Lightchild: a game review

My goal this year was to read more books: never did I imagine one of my video game goals would feel like reading a storybook the whole way through.

I’ve always loved fantasy role-playing games. Final Fantasy? Definitely. Tales of Symphonia? One of my favorite titles. Ever. The Legend of Zelda? Check.

Here’s the problem: RPGs are generally long games, and aside from Zelda’s Breath of the Wild and Skyrim, it’s been a long time since I’ve managed to get deep enough into an RPG to finish it.

Not so with Ubisoft’s Child of Light.

I began playing about a month ago, I suppose, but with Super Smash Bros. Ultimate released on December 7, it’s no surprise I set aside Child of Light for a while. When I got home on New Year’s Day, picking it back up on my Nintendo Switch was an almost immediate action.

The story follows a young girl who’s fallen into a coma and wakes up in a magical world. Think Sleeping Beauty meets the Wizard of Oz. The first thing that struck me about the story was how lyrical it was–every line of dialogue and narration in the entire game is written in poetry, rhyming couplets, four-line stanzas, and so on. It felt like reading a story book, a fairy tale, and I couldn’t help but laugh when one character, chronically unable to rhyme, has all of her lines finished by someone else.

The art style of the game is nothing short of mind-blowing: each area of Lemuria is a beautiful painting like a watercolor, but better, and I could easily lose myself in the background, mesmerized by every small yet poignant detail.

Gameplay is just barely standard for an RPG but takes the typical experience a few steps further. First, the entire game is a 2D side-scroller, but unlike Metroidvanias, it still manages to play like a traditional RPG: there are worlds to explore, treasures to find, secret passages to discover, and enemies to avoid or battle. At the start of the game, you can only explore by walking around, which is somewhat slow and tedious; not too much later, however, you gain the ability to fly at will–and once you do, not only is it incredibly faster to travel but the world also opens before you as you fly upwards to heights unseen in other fantasy role-playing games.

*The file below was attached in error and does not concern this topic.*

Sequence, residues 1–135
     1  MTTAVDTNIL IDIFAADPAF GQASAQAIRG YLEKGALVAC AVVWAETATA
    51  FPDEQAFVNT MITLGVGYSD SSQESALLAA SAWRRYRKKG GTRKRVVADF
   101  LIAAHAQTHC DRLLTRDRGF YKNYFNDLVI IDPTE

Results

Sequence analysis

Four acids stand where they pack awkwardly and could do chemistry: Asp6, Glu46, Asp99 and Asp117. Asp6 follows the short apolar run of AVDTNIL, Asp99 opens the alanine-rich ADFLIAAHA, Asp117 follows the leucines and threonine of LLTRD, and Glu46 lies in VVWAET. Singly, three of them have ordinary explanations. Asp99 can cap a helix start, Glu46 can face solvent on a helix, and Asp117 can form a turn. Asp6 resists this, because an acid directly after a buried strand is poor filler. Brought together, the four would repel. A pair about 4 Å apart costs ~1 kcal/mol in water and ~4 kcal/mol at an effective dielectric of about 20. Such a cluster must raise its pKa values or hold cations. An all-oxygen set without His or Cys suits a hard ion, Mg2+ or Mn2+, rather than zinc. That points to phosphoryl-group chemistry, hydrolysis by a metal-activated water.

The battle system fuses classic turn-based combat with a real-time strategy as you and your opponents move along a timeline at the bottom of the screen. When you enter the action phase, beware: getting hit by an enemy will interrupt your action and send you back on the timeline. Thankfully, there are never more than three enemies at a time (as compared to your two party members) and your elemental companion (a blue firefly-like creature far less annoying than Ocarina of Time‘s Navi) can be used to slow down opponents to allow your character to inch in front of them on the timeline and, if successful, interrupt their attacks instead. Your companion can also be used to recover both HP and magic points for your own characters, but his power has a limit to keep the game balanced.

Overall, I felt like Child of Light was an easy game; I played on normal difficulty, and more often than not, I was able to progress quickly with minimal challenge to the point I found it an incredibly relaxing experience. The number of recovery items and skill-enhancing stones that you find throughout your journey only bolster this sense of ease; if I were to play it again, I’d likely try it on a harder difficulty. In all, I only lost two battles the entire game, both boss battles, and each time was more a result of having forgotten to allocate my skill points to strengthen my characters rather than the enemy being too difficult.

For visual appearance and soundtrack, Child of Light earns a solid 10/10.

The gameplay, at times slow in its progression, only earns 7/10.

And the story? The story is beautiful. It transported me back to the fairy tales of my youth, and I felt young and hopeful, eager to see if the heroine would win or if darkness would prevail. There are touching moments shared between all the characters, and the final few scenes were nothing short of extraordinary–I was moved to the edge of my seat and filled with hopefulness to see how it would end.

So, yes, I’d say its story certainly deserves a score of 10/10–not all because of its originality, but because of how it’s told and how the storytelling is better for it.

If you own a Nintendo Switch and enjoy fantasy RPGs, Child of Light is not to be missed. It periodically goes on sale, so be sure to grab it next time it does.

Or why wait? It’s definitely worth the full price, too.

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